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Core Trump Asset—His Brand—Transformed as He Returns to Business

Jan. 27, 2021, 10:56 AM

Donald Trump, years ago, famously suggested his brand’s value fluctuates based on his feelings on any given day. But it has more to do with how people feel about him.

Trump has long wrapped himself in a personal brand he valued as high as $4 billion before he became president. Successes like Trump Tower and “The Apprentice” helped absorb flameouts like his airline, casinos, and steaks, helping him get elected president despite six bankruptcies, fraud and discrimination lawsuits, and sexual assault allegations.

But now a divisive presidency capped by a deadly riot on Capitol Hill has stirred unprecedented brand-altering forces. The abstract enterprise of determining his name’s value carries concrete implications as Trump returns to a business where old partners are fleeing, revenues are plummeting, and debts of hundreds of millions of dollars are coming due.

“Obviously right now it’s a polarizing brand. There are people that really bought into it, and people who absolutely despise it. You would have to consider all the new facts,” said intellectual property attorney Fabrizio Lolliri, global head of transfer pricing at Hogan Lovells LLP. “There are a lot of variables, and it’s not pure math where two plus two equals four.”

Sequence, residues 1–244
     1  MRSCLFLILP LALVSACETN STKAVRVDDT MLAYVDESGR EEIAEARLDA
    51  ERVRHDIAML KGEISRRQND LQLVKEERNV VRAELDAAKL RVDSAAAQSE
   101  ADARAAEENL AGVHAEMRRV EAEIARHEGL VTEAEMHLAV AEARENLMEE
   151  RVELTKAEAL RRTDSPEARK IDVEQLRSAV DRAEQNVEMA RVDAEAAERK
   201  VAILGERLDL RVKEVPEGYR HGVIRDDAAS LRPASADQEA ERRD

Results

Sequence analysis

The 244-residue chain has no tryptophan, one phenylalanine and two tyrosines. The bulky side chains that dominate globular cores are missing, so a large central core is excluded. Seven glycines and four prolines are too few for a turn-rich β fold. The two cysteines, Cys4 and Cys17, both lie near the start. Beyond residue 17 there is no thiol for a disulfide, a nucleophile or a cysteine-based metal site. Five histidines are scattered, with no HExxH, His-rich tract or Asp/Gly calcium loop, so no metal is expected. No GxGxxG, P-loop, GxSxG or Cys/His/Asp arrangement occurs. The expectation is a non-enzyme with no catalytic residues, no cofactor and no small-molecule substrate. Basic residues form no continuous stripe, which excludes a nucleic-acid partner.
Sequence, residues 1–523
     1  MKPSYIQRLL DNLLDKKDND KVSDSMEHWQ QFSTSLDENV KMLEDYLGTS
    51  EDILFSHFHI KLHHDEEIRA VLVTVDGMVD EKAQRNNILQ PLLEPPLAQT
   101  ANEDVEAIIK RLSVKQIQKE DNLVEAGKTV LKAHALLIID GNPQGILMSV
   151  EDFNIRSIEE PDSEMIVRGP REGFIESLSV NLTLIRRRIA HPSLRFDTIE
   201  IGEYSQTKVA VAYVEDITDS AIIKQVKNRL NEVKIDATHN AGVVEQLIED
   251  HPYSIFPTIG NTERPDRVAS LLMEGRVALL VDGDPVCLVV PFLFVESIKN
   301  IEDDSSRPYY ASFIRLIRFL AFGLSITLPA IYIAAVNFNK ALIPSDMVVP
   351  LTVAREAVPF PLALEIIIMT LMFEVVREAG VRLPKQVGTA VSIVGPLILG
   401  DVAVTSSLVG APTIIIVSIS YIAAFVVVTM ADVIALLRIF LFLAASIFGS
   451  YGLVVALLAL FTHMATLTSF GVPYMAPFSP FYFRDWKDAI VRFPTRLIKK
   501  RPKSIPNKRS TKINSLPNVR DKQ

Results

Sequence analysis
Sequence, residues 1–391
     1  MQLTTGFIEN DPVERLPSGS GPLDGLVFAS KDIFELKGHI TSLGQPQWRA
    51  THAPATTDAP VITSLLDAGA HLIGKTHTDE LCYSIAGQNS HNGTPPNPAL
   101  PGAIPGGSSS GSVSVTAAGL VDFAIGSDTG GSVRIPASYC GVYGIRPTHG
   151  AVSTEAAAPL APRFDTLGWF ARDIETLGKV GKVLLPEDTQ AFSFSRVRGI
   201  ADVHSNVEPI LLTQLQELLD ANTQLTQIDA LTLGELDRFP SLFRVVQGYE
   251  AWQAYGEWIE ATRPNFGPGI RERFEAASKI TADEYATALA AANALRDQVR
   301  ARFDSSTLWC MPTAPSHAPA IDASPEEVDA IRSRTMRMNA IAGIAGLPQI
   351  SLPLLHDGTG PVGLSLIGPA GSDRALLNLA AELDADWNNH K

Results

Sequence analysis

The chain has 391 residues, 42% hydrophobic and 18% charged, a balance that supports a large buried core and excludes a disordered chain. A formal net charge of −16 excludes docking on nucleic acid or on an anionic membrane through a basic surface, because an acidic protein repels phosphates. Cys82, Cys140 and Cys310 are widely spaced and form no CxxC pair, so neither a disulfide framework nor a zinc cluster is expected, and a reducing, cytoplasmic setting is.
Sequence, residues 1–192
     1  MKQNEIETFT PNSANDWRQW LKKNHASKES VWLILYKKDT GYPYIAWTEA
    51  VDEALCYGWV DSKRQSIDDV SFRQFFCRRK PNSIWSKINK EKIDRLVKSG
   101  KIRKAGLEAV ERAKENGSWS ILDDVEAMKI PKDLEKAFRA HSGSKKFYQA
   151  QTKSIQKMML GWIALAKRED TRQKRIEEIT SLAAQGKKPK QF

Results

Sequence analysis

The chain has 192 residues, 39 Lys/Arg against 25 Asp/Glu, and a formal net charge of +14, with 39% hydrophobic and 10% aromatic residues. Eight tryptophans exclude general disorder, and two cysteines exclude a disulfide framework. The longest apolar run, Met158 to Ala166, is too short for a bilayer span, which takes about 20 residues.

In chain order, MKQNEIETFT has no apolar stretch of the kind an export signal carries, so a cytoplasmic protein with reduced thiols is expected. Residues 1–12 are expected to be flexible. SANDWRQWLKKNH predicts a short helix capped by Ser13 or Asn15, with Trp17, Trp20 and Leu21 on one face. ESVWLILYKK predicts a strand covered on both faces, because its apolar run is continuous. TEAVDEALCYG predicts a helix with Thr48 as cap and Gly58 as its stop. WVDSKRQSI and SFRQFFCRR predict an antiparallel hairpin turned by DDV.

Seventy-four million votes don’t necessarily translate to dollars, particularly after a Trump-inspired—if not implicitly directed—insurrection, trademark attorney Doug Rettew of Finnegan Henderson Farabow Garrett & Dunner LLP said.

“I think people are going to run from this brand,” Rettew said. “And the people who go for it: Are they going to pay a high price based on what he believes the brand represents?”

The Trump Organization didn’t respond to a request for comment on this story.

Show Your Work

Determining a value for a brand blends objective data with subjective judgments on the most relevant data and business projections, valuation attorneys say. There are several methodologies. But whether a valuation is done for tax or accounting purposes, or to facilitate a sale, you have to show your work and justify your choices, they say.

“You really, really have to have a lot of support for the numbers you have,” said Cristina Espiritu, whose business Sparkvation Consulting does valuations. “It’s really more of an art than a science.”

Brand value can be derived from the cost of developing it, income from licensing it, competitor licensing, and business data, or what’s left after subtracting from the business’ value its more quantifiable assets.